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Neutering a Dog OR

Neutering a Dog OR

Neutering a Dog

Too many owners end up with neutered dogs because they mistakenly believe their dogs cannot be fixed like a human.

Dog

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This is an important question to consider because issues can form if this procedure is done too soon or too late. The recommended age to neuter a male dog is between six and nine months. However, some pet owners have this procedure done at four months. Smaller dogs reach puberty sooner and can often have the procedure done sooner. Larger breeds may need to wait longer in order to properly develop before being neutered. Consult our team to find out when the time is right for your dog.

Male dogs, especially young ones, have a propensity to be very “active” in the sexual arena while they are developing and even at older ages if not neutered. This can cause you as the owner because the last thing you want is a bunch of pups running around that you now have to take care of or go through the hassle of finding a safe home. The best way to avoid situations like this is by having your male dog neutered. (Source: www.santacruzpet.com)

Pet

Your pet will be examined by a veterinarian and pre-anesthetic blood tests will usually be performed. If everything is acceptable, your pet will be anesthetized. Most pets will have an intravenous catheter placed to administer the anesthetic and to provide fluid therapy during the surgery. After your pet is anesthetized, a breathing tube will be placed in his trachea (windpipe) to deliver oxygen and gas anesthetic directly into the lungs. The surgery consists of making a small incision in front of the scrotum and removing the testicles. Many veterinarians use absorbable internal sutures so that you do not have to return your dog to the hospital to have them removed.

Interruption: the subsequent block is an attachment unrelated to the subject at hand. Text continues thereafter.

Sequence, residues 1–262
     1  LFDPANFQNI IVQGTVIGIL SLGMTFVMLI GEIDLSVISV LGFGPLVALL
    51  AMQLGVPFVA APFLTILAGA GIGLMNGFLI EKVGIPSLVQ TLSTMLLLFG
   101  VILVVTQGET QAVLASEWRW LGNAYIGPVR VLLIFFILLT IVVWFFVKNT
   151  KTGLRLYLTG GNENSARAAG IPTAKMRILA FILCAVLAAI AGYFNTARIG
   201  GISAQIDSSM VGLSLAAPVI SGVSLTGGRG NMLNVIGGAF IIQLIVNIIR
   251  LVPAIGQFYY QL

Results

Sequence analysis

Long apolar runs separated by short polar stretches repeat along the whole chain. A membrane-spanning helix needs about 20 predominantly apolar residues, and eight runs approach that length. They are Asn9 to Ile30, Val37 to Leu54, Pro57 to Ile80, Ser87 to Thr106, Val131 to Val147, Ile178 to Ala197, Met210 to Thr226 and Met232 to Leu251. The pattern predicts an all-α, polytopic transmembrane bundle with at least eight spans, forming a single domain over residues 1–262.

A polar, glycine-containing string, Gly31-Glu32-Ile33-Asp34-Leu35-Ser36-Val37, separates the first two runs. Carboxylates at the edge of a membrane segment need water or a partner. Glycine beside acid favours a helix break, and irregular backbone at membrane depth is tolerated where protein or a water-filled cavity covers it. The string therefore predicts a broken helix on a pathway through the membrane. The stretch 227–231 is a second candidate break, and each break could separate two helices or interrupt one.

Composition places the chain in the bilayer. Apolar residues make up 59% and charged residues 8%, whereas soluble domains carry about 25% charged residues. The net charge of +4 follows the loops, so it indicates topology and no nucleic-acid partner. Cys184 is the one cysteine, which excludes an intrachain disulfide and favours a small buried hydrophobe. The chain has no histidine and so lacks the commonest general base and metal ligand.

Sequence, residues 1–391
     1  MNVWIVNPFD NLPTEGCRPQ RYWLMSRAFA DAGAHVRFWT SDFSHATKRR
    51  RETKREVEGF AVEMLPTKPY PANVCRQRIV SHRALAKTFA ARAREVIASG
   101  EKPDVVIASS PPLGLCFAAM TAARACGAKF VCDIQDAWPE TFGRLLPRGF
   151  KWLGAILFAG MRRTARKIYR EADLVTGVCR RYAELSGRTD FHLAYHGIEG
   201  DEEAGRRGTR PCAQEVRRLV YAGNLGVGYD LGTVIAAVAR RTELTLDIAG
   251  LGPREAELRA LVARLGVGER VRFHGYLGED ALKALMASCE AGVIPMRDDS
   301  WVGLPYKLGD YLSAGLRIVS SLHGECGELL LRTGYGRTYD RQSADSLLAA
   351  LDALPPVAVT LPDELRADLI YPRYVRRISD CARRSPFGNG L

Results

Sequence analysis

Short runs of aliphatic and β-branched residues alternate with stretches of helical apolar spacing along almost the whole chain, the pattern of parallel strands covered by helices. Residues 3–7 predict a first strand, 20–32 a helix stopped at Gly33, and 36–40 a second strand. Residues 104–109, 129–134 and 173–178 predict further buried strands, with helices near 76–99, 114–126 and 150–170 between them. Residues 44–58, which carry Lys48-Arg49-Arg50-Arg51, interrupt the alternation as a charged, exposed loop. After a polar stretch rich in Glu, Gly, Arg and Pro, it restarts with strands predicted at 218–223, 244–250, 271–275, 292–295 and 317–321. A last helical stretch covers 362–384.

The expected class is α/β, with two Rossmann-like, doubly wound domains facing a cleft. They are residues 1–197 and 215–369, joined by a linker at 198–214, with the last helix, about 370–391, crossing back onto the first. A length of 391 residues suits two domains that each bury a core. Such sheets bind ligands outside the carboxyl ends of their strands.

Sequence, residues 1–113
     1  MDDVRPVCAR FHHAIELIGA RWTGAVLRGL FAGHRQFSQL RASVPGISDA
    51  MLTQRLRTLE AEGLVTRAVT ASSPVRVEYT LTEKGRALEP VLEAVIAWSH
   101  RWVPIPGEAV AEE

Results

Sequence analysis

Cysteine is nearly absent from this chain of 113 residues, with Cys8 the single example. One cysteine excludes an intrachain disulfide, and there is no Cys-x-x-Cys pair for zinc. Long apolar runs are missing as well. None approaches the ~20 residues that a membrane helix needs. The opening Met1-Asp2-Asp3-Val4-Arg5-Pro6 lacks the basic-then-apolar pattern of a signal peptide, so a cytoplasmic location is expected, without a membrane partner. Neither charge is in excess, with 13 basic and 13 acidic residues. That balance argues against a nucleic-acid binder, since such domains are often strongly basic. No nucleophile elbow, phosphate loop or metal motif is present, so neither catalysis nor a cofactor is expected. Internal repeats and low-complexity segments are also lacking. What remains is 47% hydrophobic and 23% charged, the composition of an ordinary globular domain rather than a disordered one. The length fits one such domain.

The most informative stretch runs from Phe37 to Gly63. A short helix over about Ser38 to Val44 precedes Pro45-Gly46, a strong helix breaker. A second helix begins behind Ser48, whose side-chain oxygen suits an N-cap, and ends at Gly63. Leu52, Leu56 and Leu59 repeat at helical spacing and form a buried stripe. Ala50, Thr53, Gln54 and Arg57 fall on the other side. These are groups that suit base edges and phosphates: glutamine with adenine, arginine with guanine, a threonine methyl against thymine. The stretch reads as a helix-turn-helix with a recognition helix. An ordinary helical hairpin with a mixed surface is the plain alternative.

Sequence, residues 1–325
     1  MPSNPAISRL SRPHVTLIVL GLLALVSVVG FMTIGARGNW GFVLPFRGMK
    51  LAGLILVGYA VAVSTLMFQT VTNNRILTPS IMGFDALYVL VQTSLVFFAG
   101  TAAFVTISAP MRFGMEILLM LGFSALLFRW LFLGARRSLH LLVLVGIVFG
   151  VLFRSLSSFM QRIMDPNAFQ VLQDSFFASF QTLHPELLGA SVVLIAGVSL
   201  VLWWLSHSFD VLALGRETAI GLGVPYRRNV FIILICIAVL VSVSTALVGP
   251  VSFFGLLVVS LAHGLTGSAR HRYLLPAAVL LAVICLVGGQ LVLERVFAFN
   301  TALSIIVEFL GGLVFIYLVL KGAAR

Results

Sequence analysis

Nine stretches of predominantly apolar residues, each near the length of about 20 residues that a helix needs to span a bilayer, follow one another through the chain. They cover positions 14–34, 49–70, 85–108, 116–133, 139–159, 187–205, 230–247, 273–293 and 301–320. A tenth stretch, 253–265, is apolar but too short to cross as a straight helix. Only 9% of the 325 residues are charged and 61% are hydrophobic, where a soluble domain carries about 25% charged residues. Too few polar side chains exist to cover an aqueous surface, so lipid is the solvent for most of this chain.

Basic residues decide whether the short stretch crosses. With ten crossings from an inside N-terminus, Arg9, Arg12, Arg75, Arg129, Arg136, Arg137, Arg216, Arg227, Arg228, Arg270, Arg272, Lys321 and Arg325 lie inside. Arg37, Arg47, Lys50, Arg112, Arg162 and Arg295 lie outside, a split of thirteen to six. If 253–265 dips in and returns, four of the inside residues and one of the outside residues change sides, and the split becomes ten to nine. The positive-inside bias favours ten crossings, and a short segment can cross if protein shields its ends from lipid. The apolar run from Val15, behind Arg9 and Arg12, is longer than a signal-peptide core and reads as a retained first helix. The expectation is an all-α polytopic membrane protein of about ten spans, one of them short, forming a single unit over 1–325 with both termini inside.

Breeding dogs is a great responsibility that should not be done just because an owner wants puppies from their beloved dog. There are many potential consequences to the bitch and the puppies that need to be taken into account and prevented if possible, including producing puppies from parents with known heritable problems and medical care of the bitch and puppies. Breeding does not reduce unwanted behavior in male dogs and there is no guarantee that puppies will be anything like the parent, so this is not valid reason to breed a dog. Many puppies are abandoned at dog shelters or worse because of inappropriate breeding practices. There are usually many abandoned dogs looking for homes that an owner can find what they are looking for through shelters or rescue organizations. (Source: vcahospitals.com)

 

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